Wednesday, January 26, 2005

religion? we don't need no stinking religion!

(post to a sociology list in response to someone else)

I read what you are saying as intermingling religion (structure, codes, symbols, status, etc.) with religious (or I supposed spiritual) experience (way of living or being). I think that the two are different. I also think that the notion of spirituality is bandied around far too much in our post-modern world, but,...that is an aside.

Personally, I believe that persons like Jesus, the Buddha, Ammachi, Ramakrishna, etc., did (in the case of Ammachi, "do") have a profoundly different experience of life than I do. As such, I think that what they have to offer in terms of their teaching (and the way they lived) is very valuable to me. I can follow them and their teaching without having to be part of any religion. I have not been able to attain their level of living, but I see it as possible and as something I want, so I work towards it.

IMO, the bracelet shouldn't read, WWJD, it should read HWJB -- How would Jesus BE -- that is something I have no clue about, Jesus' fundamental way of being in the world. From what I have read, it is a pretty neat way to be.

I participate in religion (i.e., attend church) because I like the people, they treat me and my kids very well, I can talk about what I think about Jesus, and I can learn more about living in ways that are fundamentally foreign to me (humble, gracious, compassionate, etc.). Is it necessary for me to have any kind of belief in something to do this? Not anymore than any other belief that I have about anything. I suspect that one could argue that having any belief (in science, rationality, inherent goodness of persons,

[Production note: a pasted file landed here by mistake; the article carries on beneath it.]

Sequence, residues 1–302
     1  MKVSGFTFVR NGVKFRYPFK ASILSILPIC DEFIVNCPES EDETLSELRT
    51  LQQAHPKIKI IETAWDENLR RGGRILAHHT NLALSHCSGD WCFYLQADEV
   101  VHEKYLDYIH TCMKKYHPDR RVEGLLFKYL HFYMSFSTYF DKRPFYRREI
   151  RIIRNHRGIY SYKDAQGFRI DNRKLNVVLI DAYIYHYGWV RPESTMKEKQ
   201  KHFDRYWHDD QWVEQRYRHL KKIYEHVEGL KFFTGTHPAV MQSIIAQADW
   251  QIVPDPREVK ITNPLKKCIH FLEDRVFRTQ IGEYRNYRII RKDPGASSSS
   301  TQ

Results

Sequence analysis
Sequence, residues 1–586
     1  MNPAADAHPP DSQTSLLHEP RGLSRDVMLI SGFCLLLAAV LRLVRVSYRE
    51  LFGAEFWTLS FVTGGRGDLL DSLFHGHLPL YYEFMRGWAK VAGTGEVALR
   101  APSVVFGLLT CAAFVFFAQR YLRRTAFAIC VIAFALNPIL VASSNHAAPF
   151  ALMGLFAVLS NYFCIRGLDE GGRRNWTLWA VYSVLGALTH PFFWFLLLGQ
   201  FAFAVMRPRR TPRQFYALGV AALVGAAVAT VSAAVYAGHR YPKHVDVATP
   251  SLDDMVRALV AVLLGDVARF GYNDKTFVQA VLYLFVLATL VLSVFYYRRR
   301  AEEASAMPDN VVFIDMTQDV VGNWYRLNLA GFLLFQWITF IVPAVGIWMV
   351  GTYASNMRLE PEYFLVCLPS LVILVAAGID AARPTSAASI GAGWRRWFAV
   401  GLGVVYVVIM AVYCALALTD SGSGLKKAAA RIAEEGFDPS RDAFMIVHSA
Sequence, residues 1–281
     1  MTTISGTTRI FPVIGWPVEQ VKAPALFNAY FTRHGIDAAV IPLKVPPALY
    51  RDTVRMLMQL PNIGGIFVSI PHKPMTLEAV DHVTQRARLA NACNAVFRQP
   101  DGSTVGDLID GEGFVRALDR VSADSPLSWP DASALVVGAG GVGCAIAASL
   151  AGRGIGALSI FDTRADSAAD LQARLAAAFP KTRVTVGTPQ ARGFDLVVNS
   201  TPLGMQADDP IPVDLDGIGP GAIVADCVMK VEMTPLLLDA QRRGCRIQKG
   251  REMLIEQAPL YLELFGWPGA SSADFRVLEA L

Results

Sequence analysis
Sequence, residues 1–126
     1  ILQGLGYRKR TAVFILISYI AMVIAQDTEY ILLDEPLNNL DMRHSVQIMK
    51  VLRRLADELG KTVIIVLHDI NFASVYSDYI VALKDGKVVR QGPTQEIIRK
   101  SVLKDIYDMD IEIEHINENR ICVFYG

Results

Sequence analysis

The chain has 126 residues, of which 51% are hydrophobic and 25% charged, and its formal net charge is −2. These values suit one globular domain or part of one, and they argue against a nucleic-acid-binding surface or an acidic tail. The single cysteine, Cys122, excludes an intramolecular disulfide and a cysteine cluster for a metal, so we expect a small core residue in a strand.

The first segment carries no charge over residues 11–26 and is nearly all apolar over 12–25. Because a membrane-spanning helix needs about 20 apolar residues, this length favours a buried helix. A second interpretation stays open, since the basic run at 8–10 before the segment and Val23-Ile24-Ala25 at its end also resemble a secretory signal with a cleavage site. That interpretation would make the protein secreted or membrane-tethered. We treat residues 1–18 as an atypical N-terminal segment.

etc.) is fantastical simply because beliefs, by their very nature exist only in the mind and as such, have no real substance, i.e., they are "all"

Do, I have to participate in religion to follow any and/or all of the above persons? I don't think so. Being part of a group (whatever that group is) does have its benefits, however. I learn much, am challenged much, am humbled much, etc., in the context of the religious group I participate in.

Is my wanting to be like the folks I mention above delusional? I don't think so. Again, if so, then my wanting to be like anyone else is delusional, too.

In sum, I don't think the twain needs to meet nor does one (religion VS
experience) preclude nor include the other. Variety and diversity abound in this world of ours, I have much to learn from many, if not most I encounter.
And I encounter "them" in physical proximity, through reading, through video, etc.

Monday, January 24, 2005

tertiary musings

(third in this series of list exchanges; other two immediately preced this one).

I wanted to just add something to my previous (the second iteration) of my musings as I think this identifies a profound sociological reality, too; to return to a passage from the quote from Sogyal Rinpoche…

“As you begin to think more and more about the tree, you will discover that everything in the universe helps to make the tree what it is; that it cannot at any moment be isolated from anything else; and that at every moment its nature is subtly changing. This is what we mean when we say things are empty, that they have no independent existence.”